Mobilizing Miami’s Food Community to Feed Thousands

SURFSIDE, Florida – Ten days before the coronavirus pandemic shut down restaurants in Florida last year, Shemi Bar-Natan had just started a new business after serving a decade in the Israeli army, opening one hummus bar less than one Mile from the collapsing apartment building last month.

The pandemic hit his urban kosher restaurant, Vish, hard, but it was nothing compared to the past two weeks since the Champlain Towers South collapsed on May 24 among 6,000 residents and a strong Jewish community.

Since then, Mr. Bar-Natan, 58, has come to the restaurant every day to prepare fresh falafel, hummus and tahini and to give away more than 2,300 balls of falafel to rescuers, survivors and the families of the missing.

“My heart is with them,” said Mr Bar-Natan about the missing and survivors of the building collapse. “I will continue to do my best for the community, for the people and for the Surfside community. I come here every day with a smile and say: ‘Today I have to do good service for the people.’ “

While food trucks were first on the scene, emergency workers, cooks, and restaurants from across Miami-Dade County have stepped up, driving through hours of traffic and rerouted roads to deliver packaged meals.

Chef David Shim on Tuesday provided the relatives of the missing and survivors with dozens of take-away boxes of Korean steakhouse dinners from the Miami outpost of Cote, its Michelin-starred restaurant in New York.

“The last thing you think about when you find yourself in this state of emergency is to go to a restaurant,” said Shim. “I hope we can comfort her in any way we can.”

Many Surfside restaurants have pledged to continue helping as hundreds of rescuers recovered the bodies of about 64 other people on Thursday afternoon.

Joshua Marcus, 47, who has owned Josh’s Deli in Surfside for about 11 years, has delivered hundreds of sandwiches to everyone affected by the breakdown and rebuilding efforts. Through donations and a few deliveries of free meat and bread, Mr. Marcus was able to feed anyone who wants their roast turkey, cured pastrami, and homemade corn beef without breaking the bank.

He said he has been there for his community for the past two weeks, including opening his restaurant as a de facto center for rescuers. “But it’s so hard to listen to over and over again,” said Mr. Marcus. “I’m not a shrink, I don’t have the ability to classify someone else’s pain without feeling it.”

As the city begins to open its streets, the Miami-Dade culinary community has pledged to continue feeding those involved in the arduous process of delivering remains to families for closure. The focus on people’s diet is how many cooks and volunteers felt like they were recovering from the tragedy.

Apartment collapse in Miami

Updated

July 8, 2021, 4:48 p.m. ET

“When the circus leaves town, we’re here,” said Sara Liss, 41, author of Miami Cooks, a Surfside resident and coordinator who supports Food Rescue US Miami, the nonprofit that organizes appropriate food donations with them has that need free meals.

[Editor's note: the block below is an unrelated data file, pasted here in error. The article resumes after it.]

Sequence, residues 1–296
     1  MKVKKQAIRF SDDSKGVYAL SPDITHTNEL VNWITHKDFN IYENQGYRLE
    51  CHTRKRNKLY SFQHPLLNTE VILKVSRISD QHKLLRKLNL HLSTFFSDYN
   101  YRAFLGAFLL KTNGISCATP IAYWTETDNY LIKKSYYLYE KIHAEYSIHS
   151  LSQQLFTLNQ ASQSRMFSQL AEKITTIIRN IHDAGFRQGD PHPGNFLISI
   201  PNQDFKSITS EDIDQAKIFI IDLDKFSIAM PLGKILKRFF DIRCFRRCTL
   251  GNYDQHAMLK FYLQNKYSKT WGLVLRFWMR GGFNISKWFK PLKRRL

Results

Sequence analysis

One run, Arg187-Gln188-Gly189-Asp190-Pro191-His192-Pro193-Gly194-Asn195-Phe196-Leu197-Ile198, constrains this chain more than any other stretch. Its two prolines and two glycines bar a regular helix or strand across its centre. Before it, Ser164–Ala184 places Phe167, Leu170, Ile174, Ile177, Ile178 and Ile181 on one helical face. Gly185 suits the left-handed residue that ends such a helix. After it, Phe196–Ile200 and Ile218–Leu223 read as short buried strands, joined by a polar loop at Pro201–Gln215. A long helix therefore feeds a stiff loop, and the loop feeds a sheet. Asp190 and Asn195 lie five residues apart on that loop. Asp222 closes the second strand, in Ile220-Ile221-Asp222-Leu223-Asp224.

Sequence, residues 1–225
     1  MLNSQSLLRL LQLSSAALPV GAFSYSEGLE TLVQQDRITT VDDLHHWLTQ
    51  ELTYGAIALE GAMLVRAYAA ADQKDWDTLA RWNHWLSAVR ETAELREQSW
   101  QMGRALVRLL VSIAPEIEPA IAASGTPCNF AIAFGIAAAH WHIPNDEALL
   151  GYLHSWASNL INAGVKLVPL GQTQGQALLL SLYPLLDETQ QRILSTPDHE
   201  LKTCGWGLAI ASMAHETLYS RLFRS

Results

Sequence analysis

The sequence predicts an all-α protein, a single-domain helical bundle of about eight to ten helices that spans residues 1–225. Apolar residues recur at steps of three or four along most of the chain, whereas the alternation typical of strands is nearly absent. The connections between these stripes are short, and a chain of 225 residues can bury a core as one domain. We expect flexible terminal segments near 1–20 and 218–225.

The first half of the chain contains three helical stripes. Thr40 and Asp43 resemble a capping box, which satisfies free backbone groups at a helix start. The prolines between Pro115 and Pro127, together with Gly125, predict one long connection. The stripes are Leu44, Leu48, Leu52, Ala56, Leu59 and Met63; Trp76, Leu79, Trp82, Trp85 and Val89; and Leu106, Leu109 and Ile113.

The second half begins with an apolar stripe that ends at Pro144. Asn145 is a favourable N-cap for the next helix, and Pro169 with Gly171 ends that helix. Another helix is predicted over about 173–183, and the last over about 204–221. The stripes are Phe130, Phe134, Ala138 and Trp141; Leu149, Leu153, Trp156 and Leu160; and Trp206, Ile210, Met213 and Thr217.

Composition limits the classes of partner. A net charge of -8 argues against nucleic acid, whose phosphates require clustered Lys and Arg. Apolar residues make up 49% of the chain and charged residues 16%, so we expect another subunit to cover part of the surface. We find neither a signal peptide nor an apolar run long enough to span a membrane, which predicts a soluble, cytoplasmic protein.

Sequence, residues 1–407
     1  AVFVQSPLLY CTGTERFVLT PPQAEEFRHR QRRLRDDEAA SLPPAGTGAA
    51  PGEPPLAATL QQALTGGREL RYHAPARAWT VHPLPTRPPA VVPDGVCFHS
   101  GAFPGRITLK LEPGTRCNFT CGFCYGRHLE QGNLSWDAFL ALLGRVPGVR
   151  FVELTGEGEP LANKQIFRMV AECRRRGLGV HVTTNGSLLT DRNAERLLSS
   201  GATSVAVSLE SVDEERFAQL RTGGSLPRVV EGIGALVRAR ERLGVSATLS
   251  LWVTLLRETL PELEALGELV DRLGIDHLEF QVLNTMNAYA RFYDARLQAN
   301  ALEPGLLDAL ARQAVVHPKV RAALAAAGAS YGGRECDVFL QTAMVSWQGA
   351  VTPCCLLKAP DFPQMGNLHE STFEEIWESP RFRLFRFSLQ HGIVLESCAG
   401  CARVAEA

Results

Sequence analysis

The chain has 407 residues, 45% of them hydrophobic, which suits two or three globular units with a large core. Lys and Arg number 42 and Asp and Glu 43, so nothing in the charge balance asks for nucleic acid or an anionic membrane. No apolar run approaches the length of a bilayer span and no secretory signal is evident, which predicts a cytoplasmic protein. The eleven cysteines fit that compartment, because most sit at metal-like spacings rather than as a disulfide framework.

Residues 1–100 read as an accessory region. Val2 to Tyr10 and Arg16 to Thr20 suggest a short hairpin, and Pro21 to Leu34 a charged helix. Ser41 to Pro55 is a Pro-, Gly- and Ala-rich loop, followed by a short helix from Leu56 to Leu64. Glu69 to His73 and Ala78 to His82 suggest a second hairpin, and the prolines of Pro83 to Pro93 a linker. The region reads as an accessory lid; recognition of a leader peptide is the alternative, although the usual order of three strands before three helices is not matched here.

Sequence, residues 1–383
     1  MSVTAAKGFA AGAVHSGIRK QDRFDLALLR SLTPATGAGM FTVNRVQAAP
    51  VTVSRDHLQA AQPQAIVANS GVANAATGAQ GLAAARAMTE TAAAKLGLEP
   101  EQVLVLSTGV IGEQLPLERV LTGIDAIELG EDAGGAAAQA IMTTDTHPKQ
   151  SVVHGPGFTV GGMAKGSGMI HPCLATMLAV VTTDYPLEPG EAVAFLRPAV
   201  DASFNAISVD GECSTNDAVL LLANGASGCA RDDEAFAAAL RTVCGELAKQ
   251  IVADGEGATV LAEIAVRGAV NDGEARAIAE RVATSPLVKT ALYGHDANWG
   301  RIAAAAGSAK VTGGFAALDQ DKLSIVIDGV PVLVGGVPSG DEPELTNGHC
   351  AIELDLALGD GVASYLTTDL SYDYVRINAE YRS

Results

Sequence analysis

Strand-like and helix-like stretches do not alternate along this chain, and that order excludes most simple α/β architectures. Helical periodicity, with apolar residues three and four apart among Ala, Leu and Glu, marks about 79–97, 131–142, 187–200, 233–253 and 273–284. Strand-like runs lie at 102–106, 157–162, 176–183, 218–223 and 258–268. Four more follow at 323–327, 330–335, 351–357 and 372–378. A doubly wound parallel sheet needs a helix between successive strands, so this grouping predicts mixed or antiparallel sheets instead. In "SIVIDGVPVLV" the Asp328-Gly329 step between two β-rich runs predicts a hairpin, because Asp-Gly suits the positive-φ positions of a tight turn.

The group is one of the few to step in when it became overwhelming for activists to organize the random food and supplies donations that were piling up.

“It’s not like a hurricane that you know is coming,” said Ellen Bowen, South Florida site manager for Food Rescue US. “It’s a bit of an earthquake.”

Ms. Bowen and Ms. Liss wanted the families to have hot meals that were not fast food and served dinners from different restaurants each week. They got peri-peri chicken and baked noodles; Brazilian home cooked chicken, rice and beans were delivered with a dulce de leche dessert and a note that read “Please accept this little gesture as our way of saying our thoughts and prayers are with you”.

About half a mile from the site of the collapse, volunteers work around the clock in the kitchen of Surf-n-Sides, a kosher beach bistro in the town’s community center that has been a hangout for families and local authorities since the building collapsed.

Eli Ginsburg, the owner of the bistro, and his friend Joe Zevuloni, 48, a local activist, have repurposed the restaurant’s kosher kitchen to prepare more than 3,000 meals a day, with the help of chefs and volunteers in orange vests. Through donations, they were able to pay more than $ 10,000 a day in fresh groceries and create dishes that included white sea bass, sesame chicken tender, teriyaki salmon, and rib eye steak. Warm pastelitos are filled in white paper bags and sealed with a sticker that says “Strong For Surfside”. Many police officers guarding the collapse site put the sticker on their uniforms.

The community center has become a center of grief as families come and go, grieving inwardly, and hugs the volunteers before looking for a meal. The tragedy also affects Mr Zevuloni and Mr Ginsburg, who have lost friends in the rubble.

At lunchtime, Mr. Zevuloni and several volunteers are transporting boxes of groceries on golf carts borrowed from nearby hotels to deliver meals to local rescuers every day. It’s worrying, he said when he returned on Wednesday afternoon. The rescuers seem exhausted from the search and rescue. Moments of gratitude and sadness enveloping Mr Zevuloni on-site witnesses, such as seeing a homemade dessert for rescuers being delivered by someone who had lost a family member with a note stating that it was their relatives’ favorite food .

“It’s heartbreaking,” he said. “But we’ll be here until we’re no longer needed.”

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